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2nd Lieutenant David Alexander Carnegie


IWM

Ferme Olivier Cemetery Grave III.C.2

‘B’ Battery, 122nd Brigade, Royal Field Artillery, 38th Division

Age 20

KIA 2.4.17

Son of Colonel the Hon. Douglas Carnegie, he was the second son of the Earl of Northesk and he married Margaret Jean Johnstone Douglas in April 1896. They resided at Fair Oak, Rogate, Sussex. They had two sons and two daughters. David’s elder brother John also attended Gresham’s School and later served in the Hampshire Yeomanry during the First World War. Their father served in the 3rd (Militia) Battalion, Gloucestershire Regiment from 1888 to 1905 resigning his commission in 1905 with the rank of Major. During the First World War he served in the Labour Corps being promoted to Lieutenant- Colonel. He was elected Conservative MP for Winchester from 1916 to 1918.

 

Early Life

David was born on 15 January 1897 and attended Gresham’s School from September 1910 to July 1915. He was a keen sportsman representing his house and the school at rugby, cricket, and hockey. He held the rank of Sergeant in the school Officer Training Corps. He was also a School Prefect. He had a place at King’s college, Cambridge however, he went to the Royal Military Academy at Woolwich were he obtained a commission in the Royal Artillery in May 1916. He went to France on 1 June 1916 and joined the 122nd Brigade, Royal Field Artillery on the Somme.

 

His Death

At the time of his death on 2 April 1917, David was in ‘B’ Battery mess dug out, located near Brielen, with his battery commanding officer Major Brinley Richard Lewis when a German shell penetrated the roof and exploded inside the dug out killing both men instantaneously. They were buried the next day side by side.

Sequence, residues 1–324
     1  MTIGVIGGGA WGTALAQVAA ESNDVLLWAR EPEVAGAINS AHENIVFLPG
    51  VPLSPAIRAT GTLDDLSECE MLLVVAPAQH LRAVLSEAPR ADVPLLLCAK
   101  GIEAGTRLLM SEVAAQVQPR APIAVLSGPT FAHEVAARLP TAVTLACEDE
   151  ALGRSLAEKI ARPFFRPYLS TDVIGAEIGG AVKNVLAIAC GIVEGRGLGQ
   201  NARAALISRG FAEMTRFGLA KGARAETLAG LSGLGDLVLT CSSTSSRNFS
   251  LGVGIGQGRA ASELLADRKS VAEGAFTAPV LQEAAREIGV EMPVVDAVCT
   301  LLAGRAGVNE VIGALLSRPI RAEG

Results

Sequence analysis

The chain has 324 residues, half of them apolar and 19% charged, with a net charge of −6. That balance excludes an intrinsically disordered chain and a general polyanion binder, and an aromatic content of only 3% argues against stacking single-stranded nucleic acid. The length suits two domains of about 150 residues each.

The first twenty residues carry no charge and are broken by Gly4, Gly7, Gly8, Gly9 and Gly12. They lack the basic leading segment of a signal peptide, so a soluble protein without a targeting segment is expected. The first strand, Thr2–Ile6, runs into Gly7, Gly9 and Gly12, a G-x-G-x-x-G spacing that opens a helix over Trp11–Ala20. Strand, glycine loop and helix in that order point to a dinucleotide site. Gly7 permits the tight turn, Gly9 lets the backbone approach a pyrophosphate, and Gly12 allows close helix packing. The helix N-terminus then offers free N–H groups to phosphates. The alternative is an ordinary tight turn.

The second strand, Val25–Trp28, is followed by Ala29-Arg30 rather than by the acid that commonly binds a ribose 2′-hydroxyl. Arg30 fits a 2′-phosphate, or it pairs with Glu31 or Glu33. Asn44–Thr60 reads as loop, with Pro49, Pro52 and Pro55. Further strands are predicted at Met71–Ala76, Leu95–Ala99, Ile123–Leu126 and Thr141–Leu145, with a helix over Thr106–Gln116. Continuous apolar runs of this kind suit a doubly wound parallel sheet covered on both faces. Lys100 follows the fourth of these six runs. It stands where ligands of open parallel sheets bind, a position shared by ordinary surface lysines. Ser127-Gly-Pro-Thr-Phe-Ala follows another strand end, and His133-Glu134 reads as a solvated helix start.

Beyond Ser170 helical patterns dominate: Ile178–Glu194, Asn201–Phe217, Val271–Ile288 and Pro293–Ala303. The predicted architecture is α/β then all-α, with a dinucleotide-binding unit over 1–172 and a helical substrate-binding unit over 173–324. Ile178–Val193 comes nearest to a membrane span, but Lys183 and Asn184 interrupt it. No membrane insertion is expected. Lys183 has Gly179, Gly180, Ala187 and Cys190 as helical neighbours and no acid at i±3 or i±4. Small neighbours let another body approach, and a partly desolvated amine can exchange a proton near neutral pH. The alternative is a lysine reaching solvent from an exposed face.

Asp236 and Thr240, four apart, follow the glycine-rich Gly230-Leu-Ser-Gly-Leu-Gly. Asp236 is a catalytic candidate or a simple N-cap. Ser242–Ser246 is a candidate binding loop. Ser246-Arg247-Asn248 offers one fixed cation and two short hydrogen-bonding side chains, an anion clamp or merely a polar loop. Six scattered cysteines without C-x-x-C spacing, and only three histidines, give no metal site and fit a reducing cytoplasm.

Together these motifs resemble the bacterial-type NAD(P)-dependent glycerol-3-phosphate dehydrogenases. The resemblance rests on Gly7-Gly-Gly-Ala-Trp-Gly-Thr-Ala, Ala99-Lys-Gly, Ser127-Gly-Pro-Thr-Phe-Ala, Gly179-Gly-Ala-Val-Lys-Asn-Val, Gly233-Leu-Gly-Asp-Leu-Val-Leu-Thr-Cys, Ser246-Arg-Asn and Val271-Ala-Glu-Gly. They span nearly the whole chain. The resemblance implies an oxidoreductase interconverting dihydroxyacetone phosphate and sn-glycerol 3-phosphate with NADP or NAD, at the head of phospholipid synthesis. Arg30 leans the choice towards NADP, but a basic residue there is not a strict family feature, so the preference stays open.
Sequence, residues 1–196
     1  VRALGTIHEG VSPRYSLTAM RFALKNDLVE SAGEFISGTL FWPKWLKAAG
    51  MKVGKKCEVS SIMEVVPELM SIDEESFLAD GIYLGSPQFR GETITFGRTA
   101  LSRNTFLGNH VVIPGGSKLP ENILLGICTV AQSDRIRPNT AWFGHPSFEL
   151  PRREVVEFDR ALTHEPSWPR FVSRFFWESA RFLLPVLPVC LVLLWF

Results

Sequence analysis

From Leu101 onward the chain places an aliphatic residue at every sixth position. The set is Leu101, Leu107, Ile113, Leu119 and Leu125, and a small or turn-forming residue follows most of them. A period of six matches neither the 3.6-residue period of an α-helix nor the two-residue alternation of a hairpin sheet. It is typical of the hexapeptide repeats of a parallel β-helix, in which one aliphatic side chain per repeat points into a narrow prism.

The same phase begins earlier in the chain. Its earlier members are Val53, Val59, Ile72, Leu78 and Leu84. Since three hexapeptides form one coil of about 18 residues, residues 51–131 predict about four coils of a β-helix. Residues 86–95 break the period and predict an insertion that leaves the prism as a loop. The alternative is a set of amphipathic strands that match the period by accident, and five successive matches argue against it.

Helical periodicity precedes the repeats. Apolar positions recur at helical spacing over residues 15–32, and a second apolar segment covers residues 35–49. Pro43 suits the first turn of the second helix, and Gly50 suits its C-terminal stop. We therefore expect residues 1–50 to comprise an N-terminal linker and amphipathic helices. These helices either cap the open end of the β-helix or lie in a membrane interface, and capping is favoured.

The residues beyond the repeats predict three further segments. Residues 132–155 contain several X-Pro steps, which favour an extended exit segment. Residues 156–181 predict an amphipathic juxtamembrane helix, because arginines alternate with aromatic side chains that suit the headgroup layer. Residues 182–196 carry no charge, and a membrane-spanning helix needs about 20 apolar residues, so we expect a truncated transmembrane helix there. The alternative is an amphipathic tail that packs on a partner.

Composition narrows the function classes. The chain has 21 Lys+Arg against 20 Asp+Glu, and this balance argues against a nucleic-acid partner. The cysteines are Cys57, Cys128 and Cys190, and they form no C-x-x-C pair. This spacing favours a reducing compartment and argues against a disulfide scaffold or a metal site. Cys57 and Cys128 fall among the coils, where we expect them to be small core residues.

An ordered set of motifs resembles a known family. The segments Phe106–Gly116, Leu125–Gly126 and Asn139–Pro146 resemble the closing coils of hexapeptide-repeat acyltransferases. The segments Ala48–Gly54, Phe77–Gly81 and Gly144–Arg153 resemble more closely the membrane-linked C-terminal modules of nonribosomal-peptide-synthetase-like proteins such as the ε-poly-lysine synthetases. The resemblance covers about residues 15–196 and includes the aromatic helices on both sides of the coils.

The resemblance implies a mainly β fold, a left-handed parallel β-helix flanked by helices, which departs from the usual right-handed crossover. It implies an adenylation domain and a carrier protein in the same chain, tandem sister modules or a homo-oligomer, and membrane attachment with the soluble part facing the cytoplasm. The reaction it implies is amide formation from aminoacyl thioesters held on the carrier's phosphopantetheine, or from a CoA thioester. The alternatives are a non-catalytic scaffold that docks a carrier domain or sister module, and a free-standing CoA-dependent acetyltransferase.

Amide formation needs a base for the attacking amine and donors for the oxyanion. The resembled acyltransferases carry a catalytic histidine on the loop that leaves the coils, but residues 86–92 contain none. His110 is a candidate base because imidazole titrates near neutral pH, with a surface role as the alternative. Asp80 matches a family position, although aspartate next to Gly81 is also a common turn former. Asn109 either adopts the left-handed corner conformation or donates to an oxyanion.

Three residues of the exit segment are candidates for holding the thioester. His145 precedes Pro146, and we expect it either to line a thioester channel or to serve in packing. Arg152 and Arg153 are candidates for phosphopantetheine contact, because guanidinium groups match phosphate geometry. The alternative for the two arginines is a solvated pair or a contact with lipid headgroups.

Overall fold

Linesman Map

The War Diary recorded the incident.

War Diary entry

Recorded in De Ruvigny’s Roll of Honour 1914 to 1918 are the comments of a letter to his parents by Brigadier-General Thomson VC: ‘I would like you to know the very high opinion in which your son was held in this Divisional Artillery; he was a very rising young officer, and his death in action has cut short a most promising career. During the whole time he was in this division (38th) I have always received the most favourable reports about him, as an officer of exceptional value and ability.

His Brigade Commanding Officer wrote: ‘He was a splendidly gallant fellow, who has done magnificent work always. He could always be absolutely depended upon, and his powers of observation and intuition were exceptional. His reports were always valuable. Everyone, both officers and men, were most awfully fond of him.


Headstone


Their Hope Is Full Of Immortality


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